18. A computer-based method for providing mortgage services, comprising:storing a pool of index rates in data storage;storing a set of credit ratings each associated with one of the index rates in the data storage;with a hardware processor, receiving loan application data related to a borrower and a real estate property;running a credit rating classifier with the hardware processor to assign one of the credit ratings based on the received loan application data; andwith a rate association module running by the hardware processor, assigning the one of the index rates associated with the assigned one of the credit ratings to the borrower or a loan application associated with the received loan application data,wherein the pool of index rates comprises a number of values and each of the values is associated with an interest rate less than about 5 percent, andwherein the number of values is less than about five and the credit ratings comprise a like number of ratings ranging from a highest rating to a lowest rating.
19. The method of claim 18, further comprising, with the hardware processor, running an amortization schedule generator to generate an amortization schedule for a loan term, a loan amount, and the assigned one of the index rate and wherein the loan term is less than about 15 years.
20. The method of claim 18, further comprising operating, with the hardware processor, a mortgage documentation generator to produce a mortgage document based on the amortization schedule and the assigned index rate.
CROSS-REFERENCE TO RELATED APPLICATIONS
This application claims the benefit of U.S. Provisional Application No. 61/179,150 filed May 18, 2009, which is incorporated herein by reference in its entirety.
1. Field of the Description
The present description relates, in general, to computer-based methods and systems for using the equity markets to facilitate mortgage capital, and, more particularly, to methods and systems for delivering mortgages to the homebuyers and other consumers of mortgage products.
2. Relevant Background
It has long been a shared dream and goal to own your own home to provide a place to live and also to provide a savings vehicle for long term savings. The recent housing crisis has made the housing market much more attractive to buyers due to the decrease in prices in housing values. Unfortunately, though, the typical consumer has found it more difficult to qualify for and obtain a loan or mortgage to purchase a house. Money has recently been tightly restricted in part because of major problems within the securitization equity markets.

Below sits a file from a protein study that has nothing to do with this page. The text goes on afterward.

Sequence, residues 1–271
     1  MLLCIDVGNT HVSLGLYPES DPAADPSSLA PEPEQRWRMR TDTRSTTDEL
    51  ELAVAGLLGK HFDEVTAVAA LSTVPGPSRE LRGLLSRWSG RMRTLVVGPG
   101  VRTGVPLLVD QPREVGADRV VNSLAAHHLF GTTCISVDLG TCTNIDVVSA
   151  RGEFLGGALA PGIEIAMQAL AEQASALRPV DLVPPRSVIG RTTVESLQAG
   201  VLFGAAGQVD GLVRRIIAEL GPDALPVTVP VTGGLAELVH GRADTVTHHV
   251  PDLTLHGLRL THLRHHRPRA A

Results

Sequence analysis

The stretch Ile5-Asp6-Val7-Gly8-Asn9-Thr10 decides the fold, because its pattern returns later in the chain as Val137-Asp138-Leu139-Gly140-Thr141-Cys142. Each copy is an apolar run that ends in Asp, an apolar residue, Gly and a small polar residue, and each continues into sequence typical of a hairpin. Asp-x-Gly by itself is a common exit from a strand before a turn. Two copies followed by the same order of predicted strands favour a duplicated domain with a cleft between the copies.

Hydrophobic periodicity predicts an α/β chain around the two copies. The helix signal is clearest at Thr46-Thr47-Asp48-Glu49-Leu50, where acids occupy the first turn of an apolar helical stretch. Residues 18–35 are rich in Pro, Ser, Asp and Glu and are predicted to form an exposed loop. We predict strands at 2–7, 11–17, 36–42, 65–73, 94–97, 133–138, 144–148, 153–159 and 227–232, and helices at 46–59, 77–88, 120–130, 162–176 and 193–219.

Hence, there remains a need for systems and methods for delivering affordable mortgages. Preferably, such systems and methods would be suited for consumers interested in purchasing a home to allow them to build equity while having a place to live. Also, it is preferable that the mortgage methods and systems be developed so as to follow responsible lending practices without placing the home owner in a high risk mortgage that they may not be able to afford in coming years.
In brief, the following description describes methods and computer systems for implementing such methods that provide a plan for addressing the question of can you imagine a homebuyer never having to pay more than a 2-5% interest rate on their most valuable asset, their home? The methods and systems described herein facilitate the implementation of a Fast Amortization Schedule (FAS) Index Mortgage Fund that may make this possible. The FAS Index Mortgage Fund originates mortgage loans using an Index Rate of 1-5 points amortized over 10 to 15 years (an index list of numbers). The Index Rate is not tied to current fluctuating mortgage interest rates that are quoted daily. The methods and systems support use of a new residential mortgage fund that may lend money through a new mortgage product to the public. This mortgage product will likely revolutionize and revitalize the housing industry, while providing it with much needed liquidity and allowing stabilization in the market to take place similar to the period from 1940 to 1960.
In some implementations, the FAS Index Mortgage Fund and or its related companies may be a Licensed Residential Mortgage Bank and Loan Originator through one or more states and may expand its geographic presence and licensing as the market warrants. The fund may initially syndicate the product to other licensed mortgage companies that perform all of the functions of a full service house from taking applications, to loan documents and disclosure, to underwriting, pricing, and closing of the loans. Each of these providers of the FAS Index Mortgage Fund may implement the methods and systems described herein to provide unique mortgage services to homebuyers or their customers. The FAS Index Mortgage Fund and related companies will have experienced operators in this industry on its Board of Directors and staff to help guide it through its startup and growth phase.